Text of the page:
Pair of swallows, clarinets: Alice Caubit & Ghislain Roffat
Two angels, saxophones: Darius Moglia & Eléonore Brundell
Old Lady: Bernadette Le Saché
The Messenger: Antoine Amariutei (student)
Michael as a child, acting: Ilion Thierrée 

Orchestra : Le Balcon

Choir, Le Jeune chœur de Paris
Orchestra, Act III: Orchestre à cordes du Conservatoire à Rayonnement Régional de Paris
Orchestra of the “Michels-Ruf”: Orchestre Impromptu
Production: Opéra Comique, Le Balcon
Coproduction: Opéra National de Bordeaux
Revival: Southbank Centre, London

Publisher: Stockhausen Verlag


Thursday’s Greeting

11mn – Foyer

Chamber orchestra (brass, piano, percussions).

Act I – Michael’s Youth 


1 soprano
1 tenor
1 bass singer
3 dancers
1 solo trumpet
1 solo bassethorn
1 solo trombone
1 piano


Act II – Michael’s Journey Around the Earth

1 solo trumpet
1 solo bassethorn
2 solo clarinets
1 solo trombone
1 solo tuba
1 solo flute
1 orchestra (27 musicians)


Act III : Michael’s Return

1 soprano
1 tenor
1 bass singer
1 solo trumpet
1 solo bassethorn
1 solo trombone (tapdancing)
2 solo saxophones (2 angels)
3 dancers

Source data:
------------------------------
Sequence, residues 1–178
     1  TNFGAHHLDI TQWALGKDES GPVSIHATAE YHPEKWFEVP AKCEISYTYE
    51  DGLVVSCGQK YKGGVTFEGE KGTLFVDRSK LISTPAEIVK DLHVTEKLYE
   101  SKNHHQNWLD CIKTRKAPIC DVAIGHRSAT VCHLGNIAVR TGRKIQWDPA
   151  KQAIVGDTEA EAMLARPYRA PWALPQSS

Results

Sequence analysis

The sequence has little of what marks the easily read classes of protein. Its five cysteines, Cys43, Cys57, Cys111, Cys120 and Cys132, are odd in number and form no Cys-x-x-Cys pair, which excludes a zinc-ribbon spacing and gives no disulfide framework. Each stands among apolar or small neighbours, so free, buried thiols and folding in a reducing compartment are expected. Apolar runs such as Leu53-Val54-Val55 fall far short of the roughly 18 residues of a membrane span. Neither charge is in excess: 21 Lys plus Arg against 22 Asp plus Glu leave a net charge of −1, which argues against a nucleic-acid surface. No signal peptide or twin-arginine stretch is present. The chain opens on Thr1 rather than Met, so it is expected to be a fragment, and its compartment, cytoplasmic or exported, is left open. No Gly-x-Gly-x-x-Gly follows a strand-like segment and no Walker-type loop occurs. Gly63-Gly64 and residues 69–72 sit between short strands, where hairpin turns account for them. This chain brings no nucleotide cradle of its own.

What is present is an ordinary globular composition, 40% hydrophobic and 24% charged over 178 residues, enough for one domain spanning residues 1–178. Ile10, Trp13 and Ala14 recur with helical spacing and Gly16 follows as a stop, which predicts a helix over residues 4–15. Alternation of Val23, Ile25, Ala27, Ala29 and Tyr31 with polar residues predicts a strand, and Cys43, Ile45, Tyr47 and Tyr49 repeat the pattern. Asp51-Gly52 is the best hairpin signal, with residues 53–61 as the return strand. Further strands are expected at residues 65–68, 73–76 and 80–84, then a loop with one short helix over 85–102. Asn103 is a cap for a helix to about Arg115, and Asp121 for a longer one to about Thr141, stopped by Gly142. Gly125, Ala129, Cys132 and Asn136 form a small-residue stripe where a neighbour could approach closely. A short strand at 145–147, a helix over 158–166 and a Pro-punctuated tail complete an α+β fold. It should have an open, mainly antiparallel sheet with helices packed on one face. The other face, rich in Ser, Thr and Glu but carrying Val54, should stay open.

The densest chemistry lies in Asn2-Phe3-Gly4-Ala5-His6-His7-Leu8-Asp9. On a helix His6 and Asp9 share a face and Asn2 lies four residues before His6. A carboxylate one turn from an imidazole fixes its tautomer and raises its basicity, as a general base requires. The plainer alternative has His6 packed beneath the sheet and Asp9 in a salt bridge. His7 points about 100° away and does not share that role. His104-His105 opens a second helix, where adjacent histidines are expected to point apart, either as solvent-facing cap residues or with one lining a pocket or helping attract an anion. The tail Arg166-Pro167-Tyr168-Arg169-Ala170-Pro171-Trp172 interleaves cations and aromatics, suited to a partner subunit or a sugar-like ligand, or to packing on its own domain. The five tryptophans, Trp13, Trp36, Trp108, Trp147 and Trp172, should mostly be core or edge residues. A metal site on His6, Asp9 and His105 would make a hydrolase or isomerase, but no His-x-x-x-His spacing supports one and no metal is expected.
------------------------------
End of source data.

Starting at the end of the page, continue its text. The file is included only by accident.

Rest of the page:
1 choir (50-60 singers)
1 orchestra (60 musicians)
1 actress (‘The Old Lady’)

DR Meng Phu.

Act I : Kindheit – répétition
Suzanne Meyer
Mise en place de l’acte III (Festival).
Act I : Kindheit
La MÈRE (Léa Trommenschlager)
Act I : Kindheit
Le PÈRE (Damien Pass)
Act I : Mondeva
PÈRE (Damien Pass, Mathieu Adam, Jamil Attar).
Act I : Mondeva
Michael ténor (Damien Bigourdan), Mondeva (Iris Zerdoud), le PÈRE (Damien Pass)
Act I : Mondeva
Mondeva (Iris Zerdoud), Michael ténor (Damien Bigourdan)
Act I : Examen
Michael ténor (Damien Bigourdan)
Act I : Examen
Michael trompettiste (Henri Deléger)
Act I : Examen
Michael danseur (Emmanuelle Grach)
Act II : Michaels Reise
Michael (Henri Deléger)
Act II : Michaels Reise
Maxime Pascal (direction), Ghislain Roffat et Alice Caubit (clarinettes)
Act II : Michaels Reise
Michael (Henri Deléger) et Eva (Iris Zerdoud)
Act II : Michaels Reise
Alice Caubit, Ghislain Roffat (anges clarinettistes)
Act II : Michaels Reise
Mathieu Adam (trombone), Alice Caubit (clarinette), Ghislain Roffat (clarinette), Maxime Morel (tuba)
Act II : Michaels Reise
Eva (Iris Zerdoud), Michael (Henri Deléger)
Act II : Michaels Reise
Benoit Coutris (trombone), Alice Caubit (clarinette).
Act II : Eva danseuse (Suzanne Meyer)
Act II : Michaels Reise
Maxime Morel (tuba), Henri Deléger (trompette).
Act III : Festival
Entrée du chœur céleste
Act III : Festival
Act III : Festival
Act III : Festival
Act III : Festival
Act III : Festival
Jamil Attar

Act III : Vision
Emmanuelle Grach (dance), Safir Behloul (tenor), Henri Deléger (trumpet).

Act III – Vision Emmanuelle Grach (danse), Henri Deléger (trompette), Safir Behloul (ténor).

Press reviews (Opéra Comique, Paris / Southbank Centre, London) : 

German libretto

French libretto